KICK ANXIETY IN THE BUTT!
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Alright! Now it’s time to jump to our read. How many readers, have dealt with anxiety? Did you ever know that you had an anxiety attack? Do you know what anxiety is? Or does it simply feel slightly different and then you write it off as a weird moment! Well well, it is pretty much true and real.
Allow us to break it down for you before we go further. Anxiety is a normal reaction to danger, the body’s automatic fight-or-flight response that is triggered when you feel threatened, under pressure, or are facing a challenging situation, such as a job interview, exam, or first date. In moderation, anxiety isn’t necessarily a bad thing. It can help you to stay alert and focused, spur you to action, and motivate you to solve problems. But when anxiety is constant or overwhelming—when worries and fears interfere with your relationships and daily life—you’ve likely crossed the line from normal anxiety into the territory of an anxiety disorder.
Are you curious? Want to know whether you suffer from anxiety disorder? Read on further. If you identify with any of the following seven signs and symptoms, and they just won’t go away, you may be suffering from an anxiety disorder:
- Are you constantly tense, worried, or on edge?
- Does your anxiety interfere with your work, school, or family responsibilities?
- Are you plagued by fears that you know are irrational, but can’t shake?
- Do you believe that something bad will happen if certain things aren’t done a certain way?
- Do you avoid everyday situations or activities because they cause you anxiety?
- Do you experience sudden, unexpected attacks of heart-pounding panic?
- Do you feel like danger and catastrophe are around every corner?
Feelings of apprehension or dread, Watching for signs of danger, Anticipating the worst, Trouble concentrating, Feeling tense and jumpy, Irritability, Feeling like your mind’s gone blank etc also can be signs and symptoms!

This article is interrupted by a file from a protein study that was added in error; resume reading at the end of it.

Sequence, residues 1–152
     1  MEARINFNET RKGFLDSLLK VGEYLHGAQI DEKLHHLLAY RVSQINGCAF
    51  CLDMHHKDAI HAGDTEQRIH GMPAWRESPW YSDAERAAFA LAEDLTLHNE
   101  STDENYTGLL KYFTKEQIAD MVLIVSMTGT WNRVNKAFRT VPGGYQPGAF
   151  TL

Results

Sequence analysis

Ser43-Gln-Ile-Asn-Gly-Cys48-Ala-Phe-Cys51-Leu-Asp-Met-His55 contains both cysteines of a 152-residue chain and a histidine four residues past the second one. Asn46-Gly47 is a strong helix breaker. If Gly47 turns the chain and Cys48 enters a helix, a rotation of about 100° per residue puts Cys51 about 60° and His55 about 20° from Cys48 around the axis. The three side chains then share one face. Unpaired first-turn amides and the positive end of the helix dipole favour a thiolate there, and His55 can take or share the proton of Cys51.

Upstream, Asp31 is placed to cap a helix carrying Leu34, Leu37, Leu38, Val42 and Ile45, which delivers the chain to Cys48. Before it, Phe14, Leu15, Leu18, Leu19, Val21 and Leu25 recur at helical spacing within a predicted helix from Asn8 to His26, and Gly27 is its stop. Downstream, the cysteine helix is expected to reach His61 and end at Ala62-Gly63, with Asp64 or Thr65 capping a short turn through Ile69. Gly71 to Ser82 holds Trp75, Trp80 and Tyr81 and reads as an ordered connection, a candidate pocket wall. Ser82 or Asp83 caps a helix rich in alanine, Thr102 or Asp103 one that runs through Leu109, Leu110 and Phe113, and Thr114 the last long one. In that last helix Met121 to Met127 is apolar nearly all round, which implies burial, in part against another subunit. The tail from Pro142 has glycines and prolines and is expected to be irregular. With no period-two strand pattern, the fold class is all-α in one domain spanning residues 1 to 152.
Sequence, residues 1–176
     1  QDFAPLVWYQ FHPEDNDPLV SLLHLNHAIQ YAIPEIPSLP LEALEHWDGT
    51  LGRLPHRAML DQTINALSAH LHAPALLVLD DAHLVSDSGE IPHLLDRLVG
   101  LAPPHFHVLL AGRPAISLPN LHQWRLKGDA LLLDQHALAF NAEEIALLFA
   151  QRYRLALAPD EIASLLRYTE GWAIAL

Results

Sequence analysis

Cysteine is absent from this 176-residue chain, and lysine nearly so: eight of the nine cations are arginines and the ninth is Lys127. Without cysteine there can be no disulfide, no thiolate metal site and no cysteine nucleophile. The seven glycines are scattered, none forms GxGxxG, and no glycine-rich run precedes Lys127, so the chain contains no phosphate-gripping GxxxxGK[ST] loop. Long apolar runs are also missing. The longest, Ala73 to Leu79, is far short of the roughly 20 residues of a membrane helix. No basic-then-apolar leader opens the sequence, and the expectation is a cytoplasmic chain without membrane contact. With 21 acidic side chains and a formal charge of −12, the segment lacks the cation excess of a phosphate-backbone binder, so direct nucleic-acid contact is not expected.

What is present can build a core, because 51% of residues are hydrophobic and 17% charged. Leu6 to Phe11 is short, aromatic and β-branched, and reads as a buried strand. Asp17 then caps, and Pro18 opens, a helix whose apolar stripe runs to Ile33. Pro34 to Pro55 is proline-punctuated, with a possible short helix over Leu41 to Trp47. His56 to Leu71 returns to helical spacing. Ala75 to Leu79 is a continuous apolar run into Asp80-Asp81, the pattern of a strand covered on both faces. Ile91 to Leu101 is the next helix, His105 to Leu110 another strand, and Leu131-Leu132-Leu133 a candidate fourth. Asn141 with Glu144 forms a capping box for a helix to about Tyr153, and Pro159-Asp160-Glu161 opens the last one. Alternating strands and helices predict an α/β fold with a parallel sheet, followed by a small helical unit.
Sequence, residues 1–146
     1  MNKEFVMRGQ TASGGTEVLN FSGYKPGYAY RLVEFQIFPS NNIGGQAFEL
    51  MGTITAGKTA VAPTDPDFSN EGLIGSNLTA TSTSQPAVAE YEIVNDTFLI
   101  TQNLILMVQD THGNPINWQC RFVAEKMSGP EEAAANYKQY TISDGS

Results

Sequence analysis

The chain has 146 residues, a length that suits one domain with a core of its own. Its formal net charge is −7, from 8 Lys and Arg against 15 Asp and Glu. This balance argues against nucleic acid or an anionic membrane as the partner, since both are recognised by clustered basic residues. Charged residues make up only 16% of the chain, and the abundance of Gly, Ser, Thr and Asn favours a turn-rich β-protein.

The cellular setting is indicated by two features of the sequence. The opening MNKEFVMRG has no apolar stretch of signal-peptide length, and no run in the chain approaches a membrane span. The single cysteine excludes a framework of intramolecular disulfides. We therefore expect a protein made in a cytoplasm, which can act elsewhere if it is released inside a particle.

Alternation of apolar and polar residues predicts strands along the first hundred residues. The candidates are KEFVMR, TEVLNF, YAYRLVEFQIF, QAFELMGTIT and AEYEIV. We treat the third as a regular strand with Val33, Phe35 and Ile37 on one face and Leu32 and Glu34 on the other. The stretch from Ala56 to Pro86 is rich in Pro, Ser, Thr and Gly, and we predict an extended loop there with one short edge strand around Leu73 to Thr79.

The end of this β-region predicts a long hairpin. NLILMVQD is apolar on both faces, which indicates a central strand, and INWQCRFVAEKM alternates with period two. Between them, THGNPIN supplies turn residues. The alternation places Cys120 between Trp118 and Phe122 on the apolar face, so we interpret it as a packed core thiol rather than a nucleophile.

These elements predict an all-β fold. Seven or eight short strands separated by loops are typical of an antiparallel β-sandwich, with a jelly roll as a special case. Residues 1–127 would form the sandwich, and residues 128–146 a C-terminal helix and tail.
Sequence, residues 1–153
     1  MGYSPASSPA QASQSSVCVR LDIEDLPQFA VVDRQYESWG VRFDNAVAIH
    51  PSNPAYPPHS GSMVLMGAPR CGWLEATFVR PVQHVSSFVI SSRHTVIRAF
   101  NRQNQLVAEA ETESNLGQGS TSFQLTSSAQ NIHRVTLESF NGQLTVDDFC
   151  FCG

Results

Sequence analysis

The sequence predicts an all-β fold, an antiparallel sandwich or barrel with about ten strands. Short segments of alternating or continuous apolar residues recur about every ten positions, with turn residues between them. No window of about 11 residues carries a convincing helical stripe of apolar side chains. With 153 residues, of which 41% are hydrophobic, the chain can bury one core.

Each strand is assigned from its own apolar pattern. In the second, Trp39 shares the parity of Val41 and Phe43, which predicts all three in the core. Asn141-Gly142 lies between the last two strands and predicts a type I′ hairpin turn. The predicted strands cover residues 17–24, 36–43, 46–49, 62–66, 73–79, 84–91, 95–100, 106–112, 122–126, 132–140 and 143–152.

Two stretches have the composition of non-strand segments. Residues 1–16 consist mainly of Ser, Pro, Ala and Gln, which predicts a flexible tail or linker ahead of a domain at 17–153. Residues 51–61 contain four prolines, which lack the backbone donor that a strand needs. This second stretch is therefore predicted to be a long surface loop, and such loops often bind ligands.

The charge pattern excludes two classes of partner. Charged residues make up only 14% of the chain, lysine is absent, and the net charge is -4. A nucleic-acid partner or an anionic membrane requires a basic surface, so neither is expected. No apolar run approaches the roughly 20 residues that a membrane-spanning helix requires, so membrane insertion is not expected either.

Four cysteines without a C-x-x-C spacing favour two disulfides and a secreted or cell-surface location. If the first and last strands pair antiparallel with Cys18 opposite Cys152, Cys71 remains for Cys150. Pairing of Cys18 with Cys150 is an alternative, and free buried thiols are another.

Right now, what exactly are anxiety attacks? Anxiety attacks, also known as panic attacks, are episodes of intense panic or fear. Anxiety attacks usually occur suddenly and without warning. Sometimes there’s an obvious trigger—getting stuck in an elevator, for example, or thinking about the big speech you have to give—but in other cases, the attacks come out of the blue.
Anxiety attacks usually peak within 10 minutes, and they rarely last more than 30 minutes. But during that short time, you may experience terror so severe that you feel as if you’re about to die or totally lose control. The physical symptoms of anxiety attacks are themselves so frightening that many people think they’re having a heart attack. After an anxiety attack is over, you may worry about having another one, particularly in a public place where help isn’t available or you can’t easily escape. If you’ve detected these and feel anxiety gushing through your veins, then these following tips are going to help you help deal with them!
Practice relaxation techniques. When practiced regularly relaxation techniques such as mindfulness meditation, progressive muscle relaxation, and deep breathing can reduce anxiety symptoms and increase feelings of relaxation and emotional well-being.
Exercise regularly. Exercise is a natural stress buster and anxiety reliever. To achieve the maximum benefit, aim for at least 30 minutes of aerobic exercise on most days (broken up into short periods if that’s easier). Rhythmic activities that require moving both your arms and legs are especially effective. Try walking, running, swimming, martial arts, or dancing.
Get enough sleep. A lack of sleep can exacerbate anxious thoughts and feelings, so try to get seven to nine hours of quality sleep a night.
Be smart about caffeine, alcohol, and nicotine. If you struggle with anxiety, you may want to consider reducing your caffeine intake, or cutting it out completely. Similarly alcohol can also make anxiety worse. And while it may seem like cigarettes are calming, nicotine is actually a powerful stimulant that leads to higher, not lower, levels of anxiety
Put a stop to chronic worrying. Worrying is a mental habit you can learn how to break. Strategies such as creating a worry period, challenging anxious thoughts, and learning to accept uncertainty can significantly reduce worry and calm your anxious thoughts.
Seek professional help if you think you’re going out of control, and need help! We hope this read has helped you understand anxiety and helped you help yourself or others suffering through it!
Stay healthy, stay happy! Cheers!
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